So important! I think because we are so used to material and object culture that we actually forget the relevance of material and the impact it has on us. The ways in which we are possibly drawn into materials that are smooth or shiny or the reason why we are more drawn to look at a Lamborghini in the street rather than a Ford Focus- there’s an element of seduction in all of these things. I think in my work that’s part of what I want to do and that is to keep seducing people through the materials that I use. There is obviously that link between sexuality and seduction, but I think that exists on a surface level. For me, that idea of seduction exists much deeper and I think it’s a tool that I use to entice people into connecting with the work and trying to think a little deeper about the wider context. I also think it’s important to say though that of course people will not like the work or not understand it, but aesthetics plays a major role in everything so if people connect with the work purely based on an aesthetical perception then I’m absolutely fine with that.
What is your most important tool? Is there something you can’t live without in your studio?
I would probably say the chop saw. A lot of the work that I produce is made through the construction of moulds, so it tends to be the tool that is at the forefront of everything! However, if I could choose another, I’d say my laptop. I do all of the technical drawings on it and I have folders and folders full of reference images and technical drawings of plans that have never come into fruition or are about to. I’ve always had this thought process that if I can construct the sculpture first methodically on drawing software then 90% of the work is already done and then I use the drawings as reference and can fully commit and enjoy the making side.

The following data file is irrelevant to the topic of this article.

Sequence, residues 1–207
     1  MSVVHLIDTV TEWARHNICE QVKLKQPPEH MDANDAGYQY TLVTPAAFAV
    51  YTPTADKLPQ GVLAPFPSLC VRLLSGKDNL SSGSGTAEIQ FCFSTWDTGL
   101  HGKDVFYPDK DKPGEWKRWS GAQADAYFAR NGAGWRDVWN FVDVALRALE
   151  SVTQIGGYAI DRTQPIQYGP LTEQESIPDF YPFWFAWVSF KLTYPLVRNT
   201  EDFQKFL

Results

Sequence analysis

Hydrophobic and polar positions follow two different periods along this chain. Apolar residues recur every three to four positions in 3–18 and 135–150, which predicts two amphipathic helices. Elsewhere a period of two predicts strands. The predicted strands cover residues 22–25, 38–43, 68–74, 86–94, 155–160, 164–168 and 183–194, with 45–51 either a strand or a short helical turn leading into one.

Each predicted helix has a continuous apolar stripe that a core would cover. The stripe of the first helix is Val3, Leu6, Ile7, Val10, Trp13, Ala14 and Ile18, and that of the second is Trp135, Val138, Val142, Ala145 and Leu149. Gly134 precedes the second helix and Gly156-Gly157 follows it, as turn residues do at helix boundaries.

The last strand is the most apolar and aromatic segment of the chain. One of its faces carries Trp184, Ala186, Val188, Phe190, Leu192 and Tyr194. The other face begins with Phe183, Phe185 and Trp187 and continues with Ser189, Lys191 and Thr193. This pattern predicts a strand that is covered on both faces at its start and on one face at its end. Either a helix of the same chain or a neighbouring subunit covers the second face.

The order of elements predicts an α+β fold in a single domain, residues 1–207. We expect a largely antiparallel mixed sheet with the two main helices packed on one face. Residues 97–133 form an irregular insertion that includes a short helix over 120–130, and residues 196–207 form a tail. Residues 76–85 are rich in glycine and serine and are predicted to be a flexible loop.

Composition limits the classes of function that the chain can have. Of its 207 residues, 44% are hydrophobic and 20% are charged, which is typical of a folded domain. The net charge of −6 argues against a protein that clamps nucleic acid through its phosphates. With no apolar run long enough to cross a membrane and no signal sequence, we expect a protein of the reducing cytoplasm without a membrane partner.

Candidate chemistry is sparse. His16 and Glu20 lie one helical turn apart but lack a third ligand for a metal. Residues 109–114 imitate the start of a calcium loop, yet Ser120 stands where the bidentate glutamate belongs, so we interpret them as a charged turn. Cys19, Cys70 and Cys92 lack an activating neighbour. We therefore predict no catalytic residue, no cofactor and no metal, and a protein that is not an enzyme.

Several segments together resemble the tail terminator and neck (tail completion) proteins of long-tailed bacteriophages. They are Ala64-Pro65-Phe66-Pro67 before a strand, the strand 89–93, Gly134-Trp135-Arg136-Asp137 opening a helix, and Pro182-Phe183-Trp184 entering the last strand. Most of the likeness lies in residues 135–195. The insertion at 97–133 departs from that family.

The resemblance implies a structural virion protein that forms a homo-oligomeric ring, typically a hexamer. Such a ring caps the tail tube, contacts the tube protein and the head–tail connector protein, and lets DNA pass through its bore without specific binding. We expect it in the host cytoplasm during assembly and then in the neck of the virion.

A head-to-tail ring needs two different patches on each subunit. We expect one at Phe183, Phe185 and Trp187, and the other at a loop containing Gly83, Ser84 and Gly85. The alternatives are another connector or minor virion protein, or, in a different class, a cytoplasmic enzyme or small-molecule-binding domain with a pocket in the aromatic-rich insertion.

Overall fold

Can you give us a book recommendation that has been important in your practice? And tell us why it’s important.
There have been a few that stick in my mind and have become a standard thing that I refer back to, Henri Lefebvre’s ‘Production Of Space’, Olivia Laings ‘The Lonely City’ to name a few but more recently its Sternberg Press’ ‘Whats Love Got To Do With It?’ I picked it up when I was in Berlin for art week in 2019 and it’s a collection of essays which are either directly in relation to the concept of Love or essays that loosely refer to it but I guess it’s completely subjective as to how you want to interpret it. I read one that spoke of Machines of Discourse and that has kind of set the precedent for how I’m working for the new show at the end of the year. It discussed things and objects that we use to communicate with in quite a speculative sense and I guess it’s helped me to work in a more abstract and speculative way; questioning how things can exist or would exist if they were made 400 years from now- things becoming futile and/or things being manipulated and adapted for an alternative function. I think there’s a link there between queer culture and the ways that things which had previously been thrown away or left to ruin, become reinvigorated and exalted with more value.
Finally, is there anything new coming up that you would like to tell us about?
There is, I feel really fortunate to have been able to maintain things considering the current situation. I’m in a group show at Koenig Galerie in Berlin in March and then I’ve made two new works for a group show with Carl Kostyal Gallery in their new space in Stockholm and then I just got an Arts Council Grant for my first solo show in London later this year.
Image credit, the artist